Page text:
I want her to be confident and comfortable in her own skin, but not conceited. I love that yesterday at church a little girl in L's class said, "She's my friend!"  I want her to be popular, but not in the manner so many young girls are.  I want her to be known as a friend.  I want her to be known for being kind, friendly, and caring to all.  I hope she never loses that.

Meanwhile, my only baby is starting her educational career soon.  I'll try not to get too sentimental this next month.  Maybe it's a good thing our church is hosting a night devoted to anxiety the week L starts.  I'm thinking we'll do a lot of celebrating that weekend, with a cookout, maybe some leftover sparklers, and possibly a Razorback Volleyball game, since Ladybug seems to think she's into hat now.  Goodness, can you believe this baby is going to preschool this month?  At least we've broken her book-eating habit.

2013 Rewind Friday: The Blessings Of Ordinary Days

Friday, November 15, 2013

This week's Rewind Friday post is from April.  It's titled "The Blessings of Ordinary Days."  You'll find mention of a Photo-a-Day blog that I started at the beginning of the year and kept up with fairly well until May.  My birthday and other things kept me from keeping up with things, and I gave up that endeavor rather than trying to force it.   The sentiments of the post remain though, and I hope you'll enjoy it.

I turned around, and my little baby has grown into a sweet, capable little girl.  I think it happened some time last week, or maybe last month.  I don't really know when it happened, because it came both so gradually and yet so suddenly that it constantly takes me by surprise.  Just the other day I was putting shoes on her feet, only to have her kick them off as soon as possible.  Today, she brought one of her shoes to me so we could go play outside, and when I asked her to find the other and bring it to me, she did.  Every day she eats a little more big-person food, and takes a little less baby food and formula (thank goodness).  Every day her walking improves to where can almost sprint.  I both love and hate these new developments.  Parenting has to be the most polarizing occupation imaginable.


I spent the first thirty-two years of my life, always waiting until the next big thing was going to happen, thinking then life would really start.  Suddenly now I'm on longer wishing for life to pass me.  Now I find myself praying, "Dear God, please let time slow down or even stop for a while.  Please let her stay little and innocent as long as possible."

Sometimes life can seem monotonous when you're a SAHM.  Then I remembered that sometimes life could get monotonous in the workplace too.  Doing the same thing, day in and day out can have that effect on you no matter where you spend your days.  Slowly I'm learning that life is more than waiting on the next big, adventure.  It is finding the joy, the inspiration, the laughter, and mostly the blessings of ordinary days.

I don't want to miss a thing in Ladybug's life.  I want to forget nothing.  I don't want to find myself sitting at her college graduation or wedding, still waiting on better, happier things to happen.  My mother has spent her life wanting better, never being content, and never finding happiness with me, with herself, or really anything or anyone.  I want to take time to realize and appreciate the importance of ordinary days.  I want Ladybug to know that she is enough; that I am happy with her.  I want her to know that she is a blessing in my life and not sound fake or frankly full of it when I say it.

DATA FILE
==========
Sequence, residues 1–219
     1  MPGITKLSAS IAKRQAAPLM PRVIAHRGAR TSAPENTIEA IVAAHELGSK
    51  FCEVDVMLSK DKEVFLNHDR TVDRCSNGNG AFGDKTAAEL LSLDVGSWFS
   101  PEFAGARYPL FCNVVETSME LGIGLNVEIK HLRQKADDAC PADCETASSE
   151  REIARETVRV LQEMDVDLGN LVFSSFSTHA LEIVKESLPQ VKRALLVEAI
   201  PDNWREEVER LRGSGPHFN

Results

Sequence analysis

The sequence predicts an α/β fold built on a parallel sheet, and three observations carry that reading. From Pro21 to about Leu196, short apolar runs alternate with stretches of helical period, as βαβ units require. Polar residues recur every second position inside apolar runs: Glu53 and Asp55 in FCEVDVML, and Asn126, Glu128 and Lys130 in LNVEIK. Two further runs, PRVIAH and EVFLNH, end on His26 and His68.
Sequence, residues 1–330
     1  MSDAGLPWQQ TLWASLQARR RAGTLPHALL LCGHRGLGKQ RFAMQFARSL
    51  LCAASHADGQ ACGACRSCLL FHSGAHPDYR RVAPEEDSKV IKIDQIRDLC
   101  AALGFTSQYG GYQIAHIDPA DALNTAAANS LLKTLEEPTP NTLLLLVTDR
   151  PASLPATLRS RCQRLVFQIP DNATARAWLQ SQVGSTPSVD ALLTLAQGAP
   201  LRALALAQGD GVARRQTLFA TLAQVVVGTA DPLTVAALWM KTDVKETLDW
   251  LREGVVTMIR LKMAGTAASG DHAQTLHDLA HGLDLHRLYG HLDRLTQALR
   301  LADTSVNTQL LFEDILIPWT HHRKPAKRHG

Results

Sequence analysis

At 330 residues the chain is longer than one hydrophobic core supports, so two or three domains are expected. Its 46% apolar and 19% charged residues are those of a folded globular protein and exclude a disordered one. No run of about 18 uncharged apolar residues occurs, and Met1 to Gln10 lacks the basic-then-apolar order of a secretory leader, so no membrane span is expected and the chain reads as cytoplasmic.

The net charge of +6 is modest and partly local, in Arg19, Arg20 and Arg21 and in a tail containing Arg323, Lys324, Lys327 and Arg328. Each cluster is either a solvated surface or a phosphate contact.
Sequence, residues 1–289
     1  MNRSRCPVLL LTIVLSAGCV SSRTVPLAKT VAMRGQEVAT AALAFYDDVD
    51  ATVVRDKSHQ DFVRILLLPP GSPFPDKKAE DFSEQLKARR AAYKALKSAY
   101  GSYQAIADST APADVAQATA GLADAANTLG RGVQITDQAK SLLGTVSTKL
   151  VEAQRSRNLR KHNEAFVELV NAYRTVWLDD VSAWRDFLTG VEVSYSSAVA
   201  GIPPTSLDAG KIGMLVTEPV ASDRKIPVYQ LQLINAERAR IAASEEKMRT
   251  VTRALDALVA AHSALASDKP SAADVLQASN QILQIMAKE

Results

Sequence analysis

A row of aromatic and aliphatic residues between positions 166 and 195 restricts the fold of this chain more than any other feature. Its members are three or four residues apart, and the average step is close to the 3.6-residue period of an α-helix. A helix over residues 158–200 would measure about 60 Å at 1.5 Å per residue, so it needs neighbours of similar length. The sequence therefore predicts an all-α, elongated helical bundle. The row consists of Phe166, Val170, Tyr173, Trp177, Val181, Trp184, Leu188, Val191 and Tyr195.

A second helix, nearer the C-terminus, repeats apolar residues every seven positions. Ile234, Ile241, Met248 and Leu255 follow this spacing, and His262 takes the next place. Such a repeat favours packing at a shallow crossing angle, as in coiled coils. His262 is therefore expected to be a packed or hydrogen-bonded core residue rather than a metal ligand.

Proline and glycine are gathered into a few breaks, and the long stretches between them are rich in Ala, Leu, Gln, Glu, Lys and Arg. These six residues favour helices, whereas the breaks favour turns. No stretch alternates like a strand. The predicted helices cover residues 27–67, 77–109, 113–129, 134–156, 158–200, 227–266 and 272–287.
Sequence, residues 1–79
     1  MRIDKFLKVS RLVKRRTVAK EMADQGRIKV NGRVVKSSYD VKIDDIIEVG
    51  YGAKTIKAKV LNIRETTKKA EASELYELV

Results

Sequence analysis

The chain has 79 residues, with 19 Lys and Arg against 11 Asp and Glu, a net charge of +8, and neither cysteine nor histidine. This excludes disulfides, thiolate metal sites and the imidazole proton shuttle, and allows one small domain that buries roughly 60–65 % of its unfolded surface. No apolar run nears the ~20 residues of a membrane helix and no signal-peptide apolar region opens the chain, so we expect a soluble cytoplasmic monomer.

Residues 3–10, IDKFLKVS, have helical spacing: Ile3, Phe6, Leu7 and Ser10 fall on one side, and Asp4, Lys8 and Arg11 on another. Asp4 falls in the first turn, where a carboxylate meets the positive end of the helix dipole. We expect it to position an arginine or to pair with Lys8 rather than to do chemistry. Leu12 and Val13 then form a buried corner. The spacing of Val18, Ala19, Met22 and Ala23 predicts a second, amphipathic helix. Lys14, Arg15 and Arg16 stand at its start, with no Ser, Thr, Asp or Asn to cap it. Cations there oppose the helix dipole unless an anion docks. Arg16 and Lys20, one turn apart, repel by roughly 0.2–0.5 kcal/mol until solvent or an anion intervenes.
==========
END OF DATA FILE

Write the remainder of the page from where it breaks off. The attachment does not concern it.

My photo-a-day blog, 365,000 Words, isn't a masterpiece.  Most of the pictures are taken not with my DSLR, but my iPhone.  It is helpful in aiding my search for something each day that inspires me, gives me joy, and makes the ordinary day a little extraordinary.  The Lord made each and every day, not just the ones when something major happens.  He makes the days we spend washing and folding laundry, the days we work on a deadline, the days we're suffering from the throw-ups, and the days when the juice spills, the dogs get the floor muddy, the baby/kid is clingy and crying, and you just wish that Calgon could take you away for a while.  He's there, in all of it.  We just have to life up our eyes, look around the tasks at hand, and see the silly smiles, the budding flowers, the way the sun filters through a window, or to feel the coziness of a dog curled on your feet.  In doing so, maybe time will slow for just a little bit.


Psalm 118:24

English Standard Version (ESV)
24 
This is the day that the Lord has made;

    let us rejoice and be glad in it.

The Rockford Peach Goes Trick or Treating

Monday, November 4, 2013

Halloween was last week, and it had the potential to be an incredible mom-fail.  We had possibly one of the coolest girl costumes imaginable ordered, and by the morning of Halloween Eve, it still wasn't in our possession.

In September I ordered a custom-fit Rockford Peaches uniform for Ladybug from a shop on Etsy.  I was even bolstered by the knowledge that this Etsy shop originated here in Arkansas, albeit Central Arkansas.  However when the promised ship date of October 15 came and went, I started to get nervous.  I contacted the seller, and she explained that due to some family emergencies she had to cancel several orders.  Mine wasn't canceled, but she wouldn't be able to ship it until October 25.  I replied that was fine, as long as it shipped on October 25.  I've shipped enough across the state at various jobs that I knew it should only take one or two days to get here from Central Arkansas.